Thursday, July 2, 2009

Hanging in the Balance

The past couple of days I've been talking about Good and Evil, and how the supernatural extremes of the two sides might be completely indistinguishable from a mortal on the ground. So how would one differentiate between the two on a conceptual level, and how to apply that to a game if the mortals don't understand the greater cosmic forces to begin with?

How do characters relate to all this? All this conjecture and theory about the Nature of Things is interesting and all, but without actual playable advice, it's really irrelevant.

First, perhaps some definitions.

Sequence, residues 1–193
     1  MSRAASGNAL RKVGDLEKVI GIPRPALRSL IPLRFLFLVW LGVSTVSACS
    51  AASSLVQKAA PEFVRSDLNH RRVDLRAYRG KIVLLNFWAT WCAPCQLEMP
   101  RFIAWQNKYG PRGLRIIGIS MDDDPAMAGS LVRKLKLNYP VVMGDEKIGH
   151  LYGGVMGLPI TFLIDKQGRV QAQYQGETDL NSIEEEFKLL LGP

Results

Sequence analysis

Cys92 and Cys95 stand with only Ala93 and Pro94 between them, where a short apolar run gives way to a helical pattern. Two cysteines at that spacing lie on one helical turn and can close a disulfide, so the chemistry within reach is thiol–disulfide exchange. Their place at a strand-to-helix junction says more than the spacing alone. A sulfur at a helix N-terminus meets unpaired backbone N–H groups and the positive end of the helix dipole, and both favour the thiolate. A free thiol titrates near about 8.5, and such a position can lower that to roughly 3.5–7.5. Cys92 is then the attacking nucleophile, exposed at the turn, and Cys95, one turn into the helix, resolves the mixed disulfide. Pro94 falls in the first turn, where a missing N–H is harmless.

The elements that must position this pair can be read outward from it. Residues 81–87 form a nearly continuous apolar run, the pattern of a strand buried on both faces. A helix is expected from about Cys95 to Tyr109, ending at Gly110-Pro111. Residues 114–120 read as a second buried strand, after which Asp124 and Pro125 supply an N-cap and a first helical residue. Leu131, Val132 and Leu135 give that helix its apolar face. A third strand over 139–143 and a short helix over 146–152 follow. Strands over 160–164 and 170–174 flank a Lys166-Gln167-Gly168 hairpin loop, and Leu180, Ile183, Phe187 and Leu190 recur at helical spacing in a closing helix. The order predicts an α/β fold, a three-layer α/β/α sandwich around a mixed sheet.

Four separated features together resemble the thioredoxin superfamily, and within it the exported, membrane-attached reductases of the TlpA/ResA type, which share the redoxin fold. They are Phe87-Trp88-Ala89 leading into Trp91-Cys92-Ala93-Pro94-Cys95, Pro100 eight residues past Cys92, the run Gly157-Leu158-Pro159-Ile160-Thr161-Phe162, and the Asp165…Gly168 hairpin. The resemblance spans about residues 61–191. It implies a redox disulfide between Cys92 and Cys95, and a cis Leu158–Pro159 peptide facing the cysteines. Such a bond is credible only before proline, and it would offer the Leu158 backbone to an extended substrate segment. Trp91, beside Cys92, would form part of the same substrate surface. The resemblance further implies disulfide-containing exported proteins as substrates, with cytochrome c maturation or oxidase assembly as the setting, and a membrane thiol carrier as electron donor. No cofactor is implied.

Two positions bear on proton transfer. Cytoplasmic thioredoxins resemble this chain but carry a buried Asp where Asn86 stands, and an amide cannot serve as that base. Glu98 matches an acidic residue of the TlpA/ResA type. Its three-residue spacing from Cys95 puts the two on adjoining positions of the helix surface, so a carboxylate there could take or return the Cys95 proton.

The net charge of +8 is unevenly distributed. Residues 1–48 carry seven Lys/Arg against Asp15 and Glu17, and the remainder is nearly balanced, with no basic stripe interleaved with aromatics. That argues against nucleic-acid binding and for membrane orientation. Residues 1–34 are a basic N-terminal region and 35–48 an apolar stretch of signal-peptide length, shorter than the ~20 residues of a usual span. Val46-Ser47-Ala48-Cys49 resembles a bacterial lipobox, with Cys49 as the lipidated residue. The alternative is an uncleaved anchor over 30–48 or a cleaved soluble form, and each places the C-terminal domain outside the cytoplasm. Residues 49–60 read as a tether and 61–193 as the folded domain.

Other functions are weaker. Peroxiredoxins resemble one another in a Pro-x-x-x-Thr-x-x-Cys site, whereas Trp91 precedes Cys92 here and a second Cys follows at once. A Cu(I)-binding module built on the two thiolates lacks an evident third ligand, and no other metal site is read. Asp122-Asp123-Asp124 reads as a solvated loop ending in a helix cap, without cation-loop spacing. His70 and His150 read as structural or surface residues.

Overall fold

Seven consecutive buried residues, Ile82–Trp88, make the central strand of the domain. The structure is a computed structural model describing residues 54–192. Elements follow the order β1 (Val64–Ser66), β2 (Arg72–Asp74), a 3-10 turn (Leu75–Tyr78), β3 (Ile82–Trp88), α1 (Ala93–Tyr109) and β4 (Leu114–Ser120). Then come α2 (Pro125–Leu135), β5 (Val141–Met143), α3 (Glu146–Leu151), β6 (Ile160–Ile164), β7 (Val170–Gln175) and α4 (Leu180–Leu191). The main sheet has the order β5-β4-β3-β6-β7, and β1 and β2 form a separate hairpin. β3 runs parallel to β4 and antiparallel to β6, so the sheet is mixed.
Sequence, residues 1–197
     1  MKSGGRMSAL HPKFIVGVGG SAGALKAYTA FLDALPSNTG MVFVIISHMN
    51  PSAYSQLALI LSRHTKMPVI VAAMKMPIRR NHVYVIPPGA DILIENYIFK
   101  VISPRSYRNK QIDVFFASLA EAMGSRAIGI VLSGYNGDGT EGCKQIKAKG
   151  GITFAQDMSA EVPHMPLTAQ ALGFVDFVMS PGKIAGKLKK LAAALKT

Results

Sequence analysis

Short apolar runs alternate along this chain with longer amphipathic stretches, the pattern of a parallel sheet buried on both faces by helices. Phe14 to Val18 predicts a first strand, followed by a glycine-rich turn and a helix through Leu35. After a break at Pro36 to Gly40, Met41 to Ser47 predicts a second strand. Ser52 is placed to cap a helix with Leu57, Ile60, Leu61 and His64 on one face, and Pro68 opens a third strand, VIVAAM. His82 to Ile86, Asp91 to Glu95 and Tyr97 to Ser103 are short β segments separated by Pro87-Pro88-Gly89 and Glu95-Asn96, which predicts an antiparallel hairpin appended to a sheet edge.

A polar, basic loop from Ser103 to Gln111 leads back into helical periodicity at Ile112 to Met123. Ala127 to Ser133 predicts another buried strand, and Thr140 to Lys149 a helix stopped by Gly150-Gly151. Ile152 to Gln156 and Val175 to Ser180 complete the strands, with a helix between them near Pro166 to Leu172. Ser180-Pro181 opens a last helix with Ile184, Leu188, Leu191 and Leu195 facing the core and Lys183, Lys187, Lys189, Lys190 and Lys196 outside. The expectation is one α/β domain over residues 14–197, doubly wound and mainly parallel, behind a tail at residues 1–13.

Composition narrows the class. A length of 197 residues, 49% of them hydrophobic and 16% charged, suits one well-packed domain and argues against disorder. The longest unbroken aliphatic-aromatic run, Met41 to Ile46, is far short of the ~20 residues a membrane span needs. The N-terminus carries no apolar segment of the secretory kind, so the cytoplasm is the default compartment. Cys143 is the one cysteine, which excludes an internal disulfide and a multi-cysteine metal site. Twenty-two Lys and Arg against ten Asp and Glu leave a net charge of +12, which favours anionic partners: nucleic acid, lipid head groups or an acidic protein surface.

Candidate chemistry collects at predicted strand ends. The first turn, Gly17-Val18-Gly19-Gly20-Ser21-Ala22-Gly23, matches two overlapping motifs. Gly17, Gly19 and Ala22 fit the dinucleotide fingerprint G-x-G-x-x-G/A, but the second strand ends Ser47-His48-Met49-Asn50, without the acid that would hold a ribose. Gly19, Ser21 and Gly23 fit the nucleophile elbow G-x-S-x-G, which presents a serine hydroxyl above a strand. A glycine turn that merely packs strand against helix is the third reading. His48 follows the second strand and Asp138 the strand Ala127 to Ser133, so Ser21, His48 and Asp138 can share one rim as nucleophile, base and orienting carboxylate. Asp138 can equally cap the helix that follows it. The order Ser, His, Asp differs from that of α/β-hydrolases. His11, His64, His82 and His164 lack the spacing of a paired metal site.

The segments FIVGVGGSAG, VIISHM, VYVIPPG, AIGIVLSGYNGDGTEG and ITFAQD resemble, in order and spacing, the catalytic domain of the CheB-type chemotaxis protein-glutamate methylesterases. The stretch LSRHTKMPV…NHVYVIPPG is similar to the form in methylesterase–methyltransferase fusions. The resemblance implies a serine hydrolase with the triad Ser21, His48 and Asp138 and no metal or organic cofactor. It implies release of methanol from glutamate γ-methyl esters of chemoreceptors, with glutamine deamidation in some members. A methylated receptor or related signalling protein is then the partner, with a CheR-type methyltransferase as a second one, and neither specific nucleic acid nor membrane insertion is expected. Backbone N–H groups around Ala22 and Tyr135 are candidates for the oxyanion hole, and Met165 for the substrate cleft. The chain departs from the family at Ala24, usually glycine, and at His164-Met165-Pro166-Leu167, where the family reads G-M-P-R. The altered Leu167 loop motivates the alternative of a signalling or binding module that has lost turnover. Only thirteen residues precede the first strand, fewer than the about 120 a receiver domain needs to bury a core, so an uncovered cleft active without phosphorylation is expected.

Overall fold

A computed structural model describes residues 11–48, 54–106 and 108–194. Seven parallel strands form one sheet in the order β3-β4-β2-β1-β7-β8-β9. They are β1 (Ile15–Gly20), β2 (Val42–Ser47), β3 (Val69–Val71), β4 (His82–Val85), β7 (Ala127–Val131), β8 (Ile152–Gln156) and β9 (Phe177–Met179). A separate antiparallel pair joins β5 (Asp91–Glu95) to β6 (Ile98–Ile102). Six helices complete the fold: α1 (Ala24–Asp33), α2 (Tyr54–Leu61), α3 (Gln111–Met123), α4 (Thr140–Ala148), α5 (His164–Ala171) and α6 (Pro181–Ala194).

Good doesn't mean perfect. Even a Greater Power of Good is going to be imperfect in ways and rub certain people the wrong way and even cause harm on the way to being Good. But for me, a working definition of a Greater Power of Good is one that, if it had its way, everything in existence would be measurably better off. Not to say existence would be a paradise or that certain types wouldn't be perhaps even fundamentally unhappy, but everything would work and people and things would be closer to kum-ba-ya than not. Grampa might still die at some point and you'd be sad, but it would be part of a natural order and it wouldn't be because he was murdered or disease shut down his body prematurely. Maybe you couldn't ever have your favorite food anymore but the abundant sustenance would keep your belly full and your body healthy. (just a couple of human-term examples)